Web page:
But before taking comfort in this seemingly straightforward recipe for selling to women, we can throw an age and generational wrench into the works. Although women go through life stages, they may be going through them at different ages. “‘Fifty anythings’ could have young children or grandchildren or could be widowed or recently remarried,”; says Anne Bernstein, senior vice president, Roper Starch Worldwide, which published Women and Money: A Perspective on Women as Financial Services Consumers. This means that age cannot—and should not—be used to judge the financial stage a women is currently in.

Gauches adds more information to the mix. Different generations also view life—including their financial futures—through different lenses. “Gen-X women are different from Boomer women. So how you market and deliver your services must be both gender and generationally sensitive.” She recounts a story of a financial planning firm that sent out a direct mail piece with the following question on the envelope: “Who could ever replace you?” Well, a number of the 50-something, recently divorced women who received this letter could name the woman who had replaced them!

Begin where you are
If you want to grow your base, you have to know who your existing clients are and the people you are marketing to. Gauches suggests that understanding your starting point is essential to knowing where you are going. Ask yourself these questions: How many female customers do I have? What do they “look like”—what are their characteristics? How long have they been customers? How were they acquired? What types of customers am I targeting? Do they match my current female customers? “Remember, you are not going after all women. You have to find out what your segment is: Business owners, Boomers, the elderly, based on life events—new mom, divorced ...” she adds.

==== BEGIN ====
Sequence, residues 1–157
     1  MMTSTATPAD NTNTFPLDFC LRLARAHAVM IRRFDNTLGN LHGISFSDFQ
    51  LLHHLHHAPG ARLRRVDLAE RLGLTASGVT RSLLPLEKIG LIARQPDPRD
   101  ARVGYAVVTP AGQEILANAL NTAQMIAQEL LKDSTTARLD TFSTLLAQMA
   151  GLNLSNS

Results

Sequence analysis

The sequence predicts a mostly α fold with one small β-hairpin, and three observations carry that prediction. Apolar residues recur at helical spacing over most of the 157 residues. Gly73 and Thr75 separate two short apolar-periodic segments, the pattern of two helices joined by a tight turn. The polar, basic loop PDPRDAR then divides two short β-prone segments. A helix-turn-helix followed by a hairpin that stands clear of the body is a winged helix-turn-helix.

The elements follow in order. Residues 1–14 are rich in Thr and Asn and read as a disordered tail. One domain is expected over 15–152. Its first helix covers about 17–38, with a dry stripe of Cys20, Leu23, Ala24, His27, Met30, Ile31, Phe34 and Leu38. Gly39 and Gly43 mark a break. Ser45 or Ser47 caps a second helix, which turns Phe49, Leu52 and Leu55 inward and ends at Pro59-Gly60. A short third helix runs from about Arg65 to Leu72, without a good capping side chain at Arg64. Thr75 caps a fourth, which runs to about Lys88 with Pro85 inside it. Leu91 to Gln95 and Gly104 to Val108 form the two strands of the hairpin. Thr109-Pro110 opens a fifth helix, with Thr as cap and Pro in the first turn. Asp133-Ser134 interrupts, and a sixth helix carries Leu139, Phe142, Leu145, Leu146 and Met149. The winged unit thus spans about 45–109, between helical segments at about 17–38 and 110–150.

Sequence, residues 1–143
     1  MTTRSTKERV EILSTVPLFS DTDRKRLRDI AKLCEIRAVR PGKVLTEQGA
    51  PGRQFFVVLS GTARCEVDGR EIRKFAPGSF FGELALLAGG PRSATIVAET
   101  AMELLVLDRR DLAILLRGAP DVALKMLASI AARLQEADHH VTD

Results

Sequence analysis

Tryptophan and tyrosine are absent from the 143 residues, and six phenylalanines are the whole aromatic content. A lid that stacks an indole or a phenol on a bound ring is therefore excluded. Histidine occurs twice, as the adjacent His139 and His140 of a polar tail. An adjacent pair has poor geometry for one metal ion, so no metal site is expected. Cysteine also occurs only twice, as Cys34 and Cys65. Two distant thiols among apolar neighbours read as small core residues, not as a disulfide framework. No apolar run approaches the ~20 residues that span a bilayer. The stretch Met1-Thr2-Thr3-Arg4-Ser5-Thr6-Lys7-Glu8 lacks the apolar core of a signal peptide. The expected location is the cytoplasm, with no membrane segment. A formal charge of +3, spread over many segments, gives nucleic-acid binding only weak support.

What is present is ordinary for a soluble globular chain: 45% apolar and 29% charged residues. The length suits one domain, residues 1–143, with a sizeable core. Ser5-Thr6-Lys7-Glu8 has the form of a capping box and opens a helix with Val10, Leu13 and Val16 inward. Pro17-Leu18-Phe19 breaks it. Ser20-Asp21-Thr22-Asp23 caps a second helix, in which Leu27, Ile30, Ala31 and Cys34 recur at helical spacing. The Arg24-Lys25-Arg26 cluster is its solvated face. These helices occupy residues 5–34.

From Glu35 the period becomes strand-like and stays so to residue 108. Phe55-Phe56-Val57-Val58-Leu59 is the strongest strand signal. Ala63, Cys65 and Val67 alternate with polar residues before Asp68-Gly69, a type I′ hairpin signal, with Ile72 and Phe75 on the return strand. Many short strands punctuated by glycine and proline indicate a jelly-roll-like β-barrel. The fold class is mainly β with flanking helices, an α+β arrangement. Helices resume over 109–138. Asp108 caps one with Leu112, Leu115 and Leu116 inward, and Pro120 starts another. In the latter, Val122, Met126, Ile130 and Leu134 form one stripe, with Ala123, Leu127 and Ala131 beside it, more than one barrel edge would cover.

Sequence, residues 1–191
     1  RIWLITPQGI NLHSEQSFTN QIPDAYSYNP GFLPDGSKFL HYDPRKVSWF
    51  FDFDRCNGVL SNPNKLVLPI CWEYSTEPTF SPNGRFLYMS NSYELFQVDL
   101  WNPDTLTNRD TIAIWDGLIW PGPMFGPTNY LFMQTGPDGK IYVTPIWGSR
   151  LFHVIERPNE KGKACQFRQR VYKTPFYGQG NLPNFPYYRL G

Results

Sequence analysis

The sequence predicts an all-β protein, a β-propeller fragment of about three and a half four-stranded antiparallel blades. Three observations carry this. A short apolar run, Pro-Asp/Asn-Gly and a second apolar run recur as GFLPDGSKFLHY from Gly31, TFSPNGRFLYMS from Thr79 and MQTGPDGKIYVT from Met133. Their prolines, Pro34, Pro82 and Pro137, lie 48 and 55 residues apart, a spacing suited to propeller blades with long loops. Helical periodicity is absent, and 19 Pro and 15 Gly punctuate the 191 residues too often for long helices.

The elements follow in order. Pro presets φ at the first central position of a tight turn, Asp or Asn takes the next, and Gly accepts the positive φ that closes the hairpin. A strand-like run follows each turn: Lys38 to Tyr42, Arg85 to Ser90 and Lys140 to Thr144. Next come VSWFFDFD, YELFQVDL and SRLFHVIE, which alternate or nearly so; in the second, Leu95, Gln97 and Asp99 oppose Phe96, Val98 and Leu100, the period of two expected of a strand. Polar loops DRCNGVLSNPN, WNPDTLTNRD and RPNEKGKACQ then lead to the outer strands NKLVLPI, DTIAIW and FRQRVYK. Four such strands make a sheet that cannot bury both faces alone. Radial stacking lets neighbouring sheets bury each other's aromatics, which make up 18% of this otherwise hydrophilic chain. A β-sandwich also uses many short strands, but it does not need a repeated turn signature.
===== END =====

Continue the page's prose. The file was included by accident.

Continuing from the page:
Women are underserved in a number of important areas and are looking for assistance in planning to help close the financial gap with men. Consider these key areas:

Leaving a legacy: “For women, money does not equal wealth,” says Bernstein. “What women want most from money is security, independence, freedom and [the ability] to leave a legacy.”

While this may be true, it appears that women may not be actively pursuing that last goal. A recent Prudential Financial study found that while 70 percent of women surveyed thought that the idea of passing money on to their heirs was important, only 14 percent had done some form of detailed planning such as drawing up a will, a trust or an estate plan. Deloitte & Touche says that only 34 percent of women earning $150,000 to $200,000 have an estate plan. This represents a large untapped market for financial advisors to pursue.